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Online sales of pet food and other pet products increased from about 6 to 14 percent in 2016, depending on the region of the world, with sales of dog and cat food rising at least 15 percent in the US alone. This data, courtesy of Euromonitor International, highlights just how important the online channel is becoming to pet food sales, particularly as the uber-connected and “digital native” millennial and younger generations move up the ranks of pet ownership.
Another source, IBISWorld, corroborates Euromonitor’s data, showing that online sales of pet food and supplies grew at an annualized rate of 8.9 percent from 2011 to 2016, with sales increasing 7 percent in 2016 alone, reaching a total of US$4.9 billion globally.
In the US, dog and cat food online sales totaled about US$1 billion in 2016, or about 3 percent of the US$31 billion market, according to Euromonitor. Jared Koerten, the research firm’s lead analyst for pet care, projects that the US online channel’s share of pet food sales could hit 5 percent this year.
Koerten and his colleague Damian Shore, a contributing analyst at Euromonitor, have both commented on how the growth in online sales is affecting not only brick-and-mortar outlets, particularly pet stores, but is also impacting pet food brands. For example, Blue Buffalo’s sales in pet superstores decreased by “low single digits” during the third quarter of 2016, “while its online sales exhibited strong growth,” Shore wrote.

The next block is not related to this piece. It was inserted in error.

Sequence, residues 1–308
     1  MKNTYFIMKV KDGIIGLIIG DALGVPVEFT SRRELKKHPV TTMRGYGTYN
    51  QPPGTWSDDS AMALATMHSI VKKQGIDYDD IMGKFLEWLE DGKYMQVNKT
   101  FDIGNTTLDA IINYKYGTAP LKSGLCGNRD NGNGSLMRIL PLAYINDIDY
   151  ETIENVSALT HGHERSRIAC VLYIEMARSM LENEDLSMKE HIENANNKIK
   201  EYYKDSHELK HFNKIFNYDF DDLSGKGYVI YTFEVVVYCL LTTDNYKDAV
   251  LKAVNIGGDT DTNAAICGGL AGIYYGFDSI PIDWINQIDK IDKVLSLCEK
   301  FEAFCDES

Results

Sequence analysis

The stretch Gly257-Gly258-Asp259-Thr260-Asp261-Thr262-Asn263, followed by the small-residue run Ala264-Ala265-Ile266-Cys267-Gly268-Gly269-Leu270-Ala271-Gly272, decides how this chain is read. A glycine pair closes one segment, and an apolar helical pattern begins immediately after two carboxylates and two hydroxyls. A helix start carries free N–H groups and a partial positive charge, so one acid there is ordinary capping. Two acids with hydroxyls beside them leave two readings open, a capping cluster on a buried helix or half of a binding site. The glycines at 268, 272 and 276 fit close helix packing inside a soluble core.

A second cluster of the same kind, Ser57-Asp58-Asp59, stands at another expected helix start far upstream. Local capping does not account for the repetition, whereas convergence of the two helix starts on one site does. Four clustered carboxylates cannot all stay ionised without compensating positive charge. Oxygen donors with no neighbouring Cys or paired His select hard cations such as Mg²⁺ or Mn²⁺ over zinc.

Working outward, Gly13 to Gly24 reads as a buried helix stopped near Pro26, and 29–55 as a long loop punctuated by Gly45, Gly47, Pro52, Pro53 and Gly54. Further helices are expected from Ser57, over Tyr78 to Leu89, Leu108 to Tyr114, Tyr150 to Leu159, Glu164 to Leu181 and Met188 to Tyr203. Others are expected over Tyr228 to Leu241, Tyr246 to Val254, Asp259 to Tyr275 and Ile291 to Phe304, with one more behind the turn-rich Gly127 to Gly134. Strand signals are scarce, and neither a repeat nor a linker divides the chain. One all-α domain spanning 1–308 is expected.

During the American Feed Industry Association’s Pet Food Conference in Atlanta at the end of January 2017, Koerten presented a chart showing how brands that had originally positioned themselves as pet specialty brands – meaning sold only in pet stores – are now appearing and selling on ecommerce sites, in addition to other channels like home improvement stores. This includes not only Blue Buffalo but also names like Hill’s Science Diet, Nutro and Merrick, among others.
As much as pet food manufacturers may intend to stay loyal to specific retail channels, sometimes changes in the marketplace lead to a different strategy. These changes are likely to continue as millennials’ influence as pet food purchasers strengthens. Not only are they more apt to buy online, they tend not to be brand loyal.
Yet it’s not just millennials who are purchasing their pet food online. I recently joined their ranks. Though I have typically made a point of shopping at local businesses, including pet stores, I am now shopping more and more online, especially after moving to a small town a few months ago. It’s near a large city and metropolitan area, but still enough on the outskirts to not have many shopping choices. With pet food, the only options in town selling it do not carry the brands my cats are accustomed to eating. Pet stores that do carry the brands are only about a 15-minute drive away, but during a very busy week, I found myself getting low on cat food and not envisioning the time to make the trip. Thus, the online order.
Will I continue to order my cat food online and possibly even set it up as a subscription? I’m not sure, but the fact that I can also pay less and get free shipping makes it an even more attractive option. And I imagine I’m not the only non-millennial pet owner who is starting to re-evaluate how and where they buy pet food.
As ecommerce’s impact on nearly all categories of goods grows, it will be a channel worth tracking and learning more about. That is exactly what research firms such as Euromonitor are doing, along with Packaged Facts, who has told me they are really delving into internet pet product purchasing trends this year. I’ll have an update on that after Global Pet Expo in a few weeks.